My focus is helping people enter nature, because my experience tells me it is beneficial.
For years, nature-walking has been outside the range of scientific study. The measuring devices for testing heart rate and brain waves, for example, were too cumbersome. Now that this is changing, scientists are making breakthroughs. What does the research show?
Physiologically, it's been proven that human vision, memory, balance, digestion, circulation, brain function and heart rate all benefit from time spent outdoors. And what's especially fascinating is that deep wilderness experiences are not the only way to tap nature's powers. A plant on your desk has impact, as does even looking at a postcard of nature!
I'm also fascinated by the spiritual benefits of moving in nature. These are, of course, harder for scientists to document, yet impossible to deny. For one thing, an astounding number of humanity's greatest spiritual leaders have been people who walked in nature. And if your spirit is fulfilled most through achievement in business or politics, there are a long list of leaders who treat nature-walking as their secret success formula. Inventors of all kinds have come upon an idea or discovery while nature distracted their senses. But what's the connection, and how does it work?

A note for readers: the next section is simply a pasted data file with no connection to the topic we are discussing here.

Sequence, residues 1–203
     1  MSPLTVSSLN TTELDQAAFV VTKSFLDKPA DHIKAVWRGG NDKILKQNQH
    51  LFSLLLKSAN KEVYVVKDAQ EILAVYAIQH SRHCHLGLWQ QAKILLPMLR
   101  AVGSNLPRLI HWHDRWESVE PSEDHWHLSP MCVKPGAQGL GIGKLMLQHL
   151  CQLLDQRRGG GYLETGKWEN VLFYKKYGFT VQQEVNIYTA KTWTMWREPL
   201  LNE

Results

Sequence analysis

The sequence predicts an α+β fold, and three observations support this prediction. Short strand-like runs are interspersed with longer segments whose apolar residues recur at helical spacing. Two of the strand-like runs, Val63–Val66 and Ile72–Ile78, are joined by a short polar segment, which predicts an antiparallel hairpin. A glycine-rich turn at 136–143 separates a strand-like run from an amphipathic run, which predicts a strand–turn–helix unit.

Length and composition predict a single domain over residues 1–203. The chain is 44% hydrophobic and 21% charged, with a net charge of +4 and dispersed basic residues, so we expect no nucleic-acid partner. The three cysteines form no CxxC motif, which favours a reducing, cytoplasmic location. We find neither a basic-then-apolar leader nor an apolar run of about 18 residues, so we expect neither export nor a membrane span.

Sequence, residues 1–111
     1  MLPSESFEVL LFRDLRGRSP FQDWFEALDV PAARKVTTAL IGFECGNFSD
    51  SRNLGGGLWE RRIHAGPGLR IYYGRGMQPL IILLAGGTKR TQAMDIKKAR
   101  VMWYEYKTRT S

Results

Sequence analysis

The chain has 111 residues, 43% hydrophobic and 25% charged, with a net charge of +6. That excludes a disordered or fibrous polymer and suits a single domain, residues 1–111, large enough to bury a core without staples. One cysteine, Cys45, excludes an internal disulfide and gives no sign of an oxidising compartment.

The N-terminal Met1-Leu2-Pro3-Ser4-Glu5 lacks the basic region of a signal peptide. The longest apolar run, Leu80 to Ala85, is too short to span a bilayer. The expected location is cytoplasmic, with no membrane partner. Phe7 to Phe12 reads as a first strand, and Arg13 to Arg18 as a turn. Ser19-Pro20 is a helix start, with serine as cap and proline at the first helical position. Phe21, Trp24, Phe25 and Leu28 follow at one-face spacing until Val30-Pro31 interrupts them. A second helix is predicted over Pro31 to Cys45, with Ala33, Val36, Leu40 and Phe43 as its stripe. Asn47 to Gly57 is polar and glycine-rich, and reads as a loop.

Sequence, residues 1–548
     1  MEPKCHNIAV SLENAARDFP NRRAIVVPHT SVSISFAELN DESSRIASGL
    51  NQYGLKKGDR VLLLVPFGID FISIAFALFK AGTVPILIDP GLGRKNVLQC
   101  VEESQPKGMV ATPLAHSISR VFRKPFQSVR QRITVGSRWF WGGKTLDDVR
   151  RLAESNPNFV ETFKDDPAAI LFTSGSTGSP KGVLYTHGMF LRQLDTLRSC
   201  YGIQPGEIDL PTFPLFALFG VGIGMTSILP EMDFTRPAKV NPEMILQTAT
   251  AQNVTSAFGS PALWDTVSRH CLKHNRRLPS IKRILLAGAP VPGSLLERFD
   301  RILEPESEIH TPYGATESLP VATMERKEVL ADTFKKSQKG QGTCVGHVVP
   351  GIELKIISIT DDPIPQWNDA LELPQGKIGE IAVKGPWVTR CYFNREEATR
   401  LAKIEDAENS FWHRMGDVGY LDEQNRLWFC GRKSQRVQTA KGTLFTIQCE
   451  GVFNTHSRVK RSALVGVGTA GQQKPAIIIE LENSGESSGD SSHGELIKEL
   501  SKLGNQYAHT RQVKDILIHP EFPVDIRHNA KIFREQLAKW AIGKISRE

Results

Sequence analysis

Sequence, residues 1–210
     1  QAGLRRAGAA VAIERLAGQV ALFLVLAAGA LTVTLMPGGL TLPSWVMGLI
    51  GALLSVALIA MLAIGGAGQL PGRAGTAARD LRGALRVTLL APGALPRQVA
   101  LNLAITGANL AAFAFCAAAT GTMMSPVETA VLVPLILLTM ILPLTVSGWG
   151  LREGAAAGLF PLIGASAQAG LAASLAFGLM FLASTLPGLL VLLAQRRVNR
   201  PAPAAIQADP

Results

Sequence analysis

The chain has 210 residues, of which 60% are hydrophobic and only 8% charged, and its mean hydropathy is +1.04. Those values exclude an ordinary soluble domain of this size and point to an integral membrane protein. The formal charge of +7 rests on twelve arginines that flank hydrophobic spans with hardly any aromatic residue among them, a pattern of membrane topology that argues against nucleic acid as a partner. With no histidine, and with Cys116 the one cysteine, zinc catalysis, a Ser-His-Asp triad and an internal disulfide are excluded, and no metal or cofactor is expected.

Emotional benefits may be even more profound. The correlation between information technology and depression, alienation and loneliness is increasingly evident. Nature-time, by contrast, creates exactly the opposite feelings. People who walk in nature tend to feel uplifted, positive and hopeful. In a world with so much loneliness, nature-walkers feel connected, not only to other people, but to life itself. 
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